Introduction to Javascript

Introduction to Javascript

The Journey Begins

This is the first of a series of blogs, that'll cover the journey of learning the most ubiquitous skill of our times, a programming language that has a monopoly over the web, is running an industry worth hundreds of billions and is employing thousands of people - Javascript.

What is Javascript?

The Mozilla Developer Network (MDN) describes Javascript as follows:

"Javascript is a scripting language that enables you to create dynamically updating content, control multimedia, animate images, and pretty much everything else. (Okay, not everything, but it is amazing what you can achieve with a few lines of JavaScript code.)"

More technically, if I were to describe Javascript, it'd be a programming language that has the following features:

  • High Level

  • Just-In-Time Compiled

  • Garbage Collected

  • Multi-Paradigm

  • Supports First Class Functions

  • Single-Threaded

Whoa, that's a lot to unpack! But don't worry I'll be elaborating upon each of them through the course of this write-up.

Features of Javascript

  1. A High-Level Language:

    Like most other programming languages - C, C++, Java, Python - Javascript is also a high-level language i.e. it can be comprehended by humans, but not by the machine, which only understands binary sequences. Of course, there is a hierarchy even among the high-level languages, in terms of their proximity to the machine.

    For instance, among the above-listed languages, C is considered to be the closest to the machine because the management of resources like the memory and the CPU, is to be done by humans, while in the case of Javascript it is handled by the language itself.

  2. Just-In-Time Compiled:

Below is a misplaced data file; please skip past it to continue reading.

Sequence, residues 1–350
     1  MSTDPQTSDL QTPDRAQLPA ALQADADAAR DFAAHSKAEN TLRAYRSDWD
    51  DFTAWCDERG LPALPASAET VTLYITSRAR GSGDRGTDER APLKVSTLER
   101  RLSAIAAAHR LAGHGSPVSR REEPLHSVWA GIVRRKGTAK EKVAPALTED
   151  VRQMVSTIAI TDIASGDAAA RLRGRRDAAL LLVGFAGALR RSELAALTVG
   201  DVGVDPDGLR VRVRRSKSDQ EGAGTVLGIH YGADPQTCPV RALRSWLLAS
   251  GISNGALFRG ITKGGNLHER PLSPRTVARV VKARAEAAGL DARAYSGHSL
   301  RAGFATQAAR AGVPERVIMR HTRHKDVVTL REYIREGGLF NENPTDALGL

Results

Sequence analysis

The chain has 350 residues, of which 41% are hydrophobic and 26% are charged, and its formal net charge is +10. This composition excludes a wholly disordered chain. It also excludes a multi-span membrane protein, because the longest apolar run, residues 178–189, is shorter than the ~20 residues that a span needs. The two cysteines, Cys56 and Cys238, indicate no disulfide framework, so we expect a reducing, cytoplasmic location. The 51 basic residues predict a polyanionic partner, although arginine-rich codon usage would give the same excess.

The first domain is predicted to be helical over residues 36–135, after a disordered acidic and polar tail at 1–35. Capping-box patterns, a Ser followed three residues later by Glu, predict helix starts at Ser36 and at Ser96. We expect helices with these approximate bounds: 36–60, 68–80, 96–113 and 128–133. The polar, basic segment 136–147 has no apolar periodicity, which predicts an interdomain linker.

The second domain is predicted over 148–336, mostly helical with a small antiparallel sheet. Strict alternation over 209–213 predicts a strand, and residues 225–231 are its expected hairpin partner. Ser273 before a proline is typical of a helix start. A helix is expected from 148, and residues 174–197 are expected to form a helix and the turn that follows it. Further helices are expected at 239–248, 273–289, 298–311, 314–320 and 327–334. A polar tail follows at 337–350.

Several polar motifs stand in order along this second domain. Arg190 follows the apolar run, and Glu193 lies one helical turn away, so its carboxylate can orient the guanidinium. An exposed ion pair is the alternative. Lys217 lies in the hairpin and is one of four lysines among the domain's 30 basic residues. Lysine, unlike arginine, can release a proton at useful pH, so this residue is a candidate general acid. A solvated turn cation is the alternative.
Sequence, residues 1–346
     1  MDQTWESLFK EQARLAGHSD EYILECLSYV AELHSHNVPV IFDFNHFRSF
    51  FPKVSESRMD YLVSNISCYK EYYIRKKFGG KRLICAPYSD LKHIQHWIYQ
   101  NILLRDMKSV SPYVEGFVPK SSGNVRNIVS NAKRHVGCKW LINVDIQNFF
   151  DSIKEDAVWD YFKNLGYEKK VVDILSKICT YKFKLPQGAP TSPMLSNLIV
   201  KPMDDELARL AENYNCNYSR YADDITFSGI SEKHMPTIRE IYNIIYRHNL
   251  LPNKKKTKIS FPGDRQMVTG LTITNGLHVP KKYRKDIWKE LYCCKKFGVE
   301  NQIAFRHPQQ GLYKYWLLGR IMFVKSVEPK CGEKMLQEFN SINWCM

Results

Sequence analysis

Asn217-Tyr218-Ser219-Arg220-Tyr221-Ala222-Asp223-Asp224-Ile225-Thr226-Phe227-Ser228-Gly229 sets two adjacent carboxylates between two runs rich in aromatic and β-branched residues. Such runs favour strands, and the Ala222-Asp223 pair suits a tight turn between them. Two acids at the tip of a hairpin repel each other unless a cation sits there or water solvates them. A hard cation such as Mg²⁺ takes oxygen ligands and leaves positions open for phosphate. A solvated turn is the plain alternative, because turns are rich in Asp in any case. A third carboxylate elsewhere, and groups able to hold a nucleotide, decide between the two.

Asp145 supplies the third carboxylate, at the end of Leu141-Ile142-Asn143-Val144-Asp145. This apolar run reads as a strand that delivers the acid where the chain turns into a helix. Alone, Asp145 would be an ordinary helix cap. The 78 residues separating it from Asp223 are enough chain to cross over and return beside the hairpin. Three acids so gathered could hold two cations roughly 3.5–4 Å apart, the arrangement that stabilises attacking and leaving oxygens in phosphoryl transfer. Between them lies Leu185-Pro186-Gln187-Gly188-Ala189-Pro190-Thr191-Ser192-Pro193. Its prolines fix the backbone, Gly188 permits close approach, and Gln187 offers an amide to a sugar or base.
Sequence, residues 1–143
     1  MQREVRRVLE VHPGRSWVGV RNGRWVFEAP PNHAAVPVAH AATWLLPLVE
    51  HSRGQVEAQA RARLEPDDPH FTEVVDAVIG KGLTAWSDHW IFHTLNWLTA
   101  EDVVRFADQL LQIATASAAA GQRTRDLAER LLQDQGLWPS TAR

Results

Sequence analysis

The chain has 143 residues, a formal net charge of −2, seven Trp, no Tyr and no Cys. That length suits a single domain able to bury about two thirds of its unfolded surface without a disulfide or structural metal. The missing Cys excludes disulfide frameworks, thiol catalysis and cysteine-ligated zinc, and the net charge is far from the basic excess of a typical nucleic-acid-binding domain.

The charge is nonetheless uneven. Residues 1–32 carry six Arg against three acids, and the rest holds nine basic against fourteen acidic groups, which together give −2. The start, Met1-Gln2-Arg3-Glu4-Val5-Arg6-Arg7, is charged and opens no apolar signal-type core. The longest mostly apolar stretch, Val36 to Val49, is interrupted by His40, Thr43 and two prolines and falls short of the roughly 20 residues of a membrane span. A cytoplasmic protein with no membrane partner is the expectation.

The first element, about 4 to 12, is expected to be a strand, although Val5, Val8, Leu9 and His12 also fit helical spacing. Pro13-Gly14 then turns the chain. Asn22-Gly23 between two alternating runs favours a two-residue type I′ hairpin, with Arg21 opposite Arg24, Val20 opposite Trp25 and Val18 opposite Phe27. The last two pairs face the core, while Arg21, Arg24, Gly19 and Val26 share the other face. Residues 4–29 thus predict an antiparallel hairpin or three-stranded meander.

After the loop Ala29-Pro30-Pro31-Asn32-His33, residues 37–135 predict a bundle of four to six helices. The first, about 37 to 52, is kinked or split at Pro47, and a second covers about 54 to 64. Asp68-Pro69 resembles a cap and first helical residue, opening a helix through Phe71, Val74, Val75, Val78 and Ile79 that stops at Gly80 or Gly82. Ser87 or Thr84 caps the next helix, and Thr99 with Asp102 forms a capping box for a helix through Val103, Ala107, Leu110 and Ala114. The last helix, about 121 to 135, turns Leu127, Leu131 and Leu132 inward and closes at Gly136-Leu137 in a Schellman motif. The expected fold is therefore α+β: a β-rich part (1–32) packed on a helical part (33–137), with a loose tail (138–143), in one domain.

There has been considerable debate over whether Javascript is a compiled language or an interpreted one. With the majority being of the opinion that like other 'scripts', JS is also an interpreted language. However, the truth is not so simple(it never is with JS, as we shall see in future write-ups).

    Javascript runs on a 'parsing model', where the code is simply read by the parser line by line, from start to finish. Note that no execution happens at this stage. If the parser finds no obvious syntax error(e.g. the declaration of the same variable twice) in the code, it generates what's called an Abstract Syntax Tree(AST, more on that later). Finally, just before the execution, an executable is generated from the AST.

    Thus it can be argued that Javascript, is in spirit closer to compiled languages than interpreted ones.

  3. Garbage Collected:

    Unlike in C and C++, garbage collection - i.e. removal of unreferenced objects and freeing up of memory - is handled by Javascript's internal garbage collector. This makes life a lot easier for developers (don't trust me? Talk to some C developers! )

  4. Multi-Paradigm:

    Javascript's syntax allows the developers to follow the major paradigms:

    • Procedural: Top-Down Approach

    • Object-Oriented: Structured around objects

    • Functional: Using blocks of functions, and use of those functions as values.

  5. Supports First Class Functions:

    As explained above, Javascript allows functions to be passed as values to other functions, and functions to be returned from other functions. This is one of the most important features of Javascript, which promotes a clean, succinct and logical style of coding.

  6. Single-Threaded:

    Javascript is a single-threaded language, i.e. it can perform only one task at a time. This can become a problem where there is some long-running task, such as fetching data from a remote database, and this task blocks all other small tasks until its completion. As a workaround to this bottleneck, Javascript uses what's called a "Non-blocking Event Loop" - This loop forces long-running tasks to the background, and puts them back on the main thread once the operation is completed. This is achieved through Asynchronous Methods and callback functions.


I hope I have let you see the tip of the iceberg that we are soon going to be exploring through the subsequent editions of these blogs. Catch you on the other side!

Chapter 2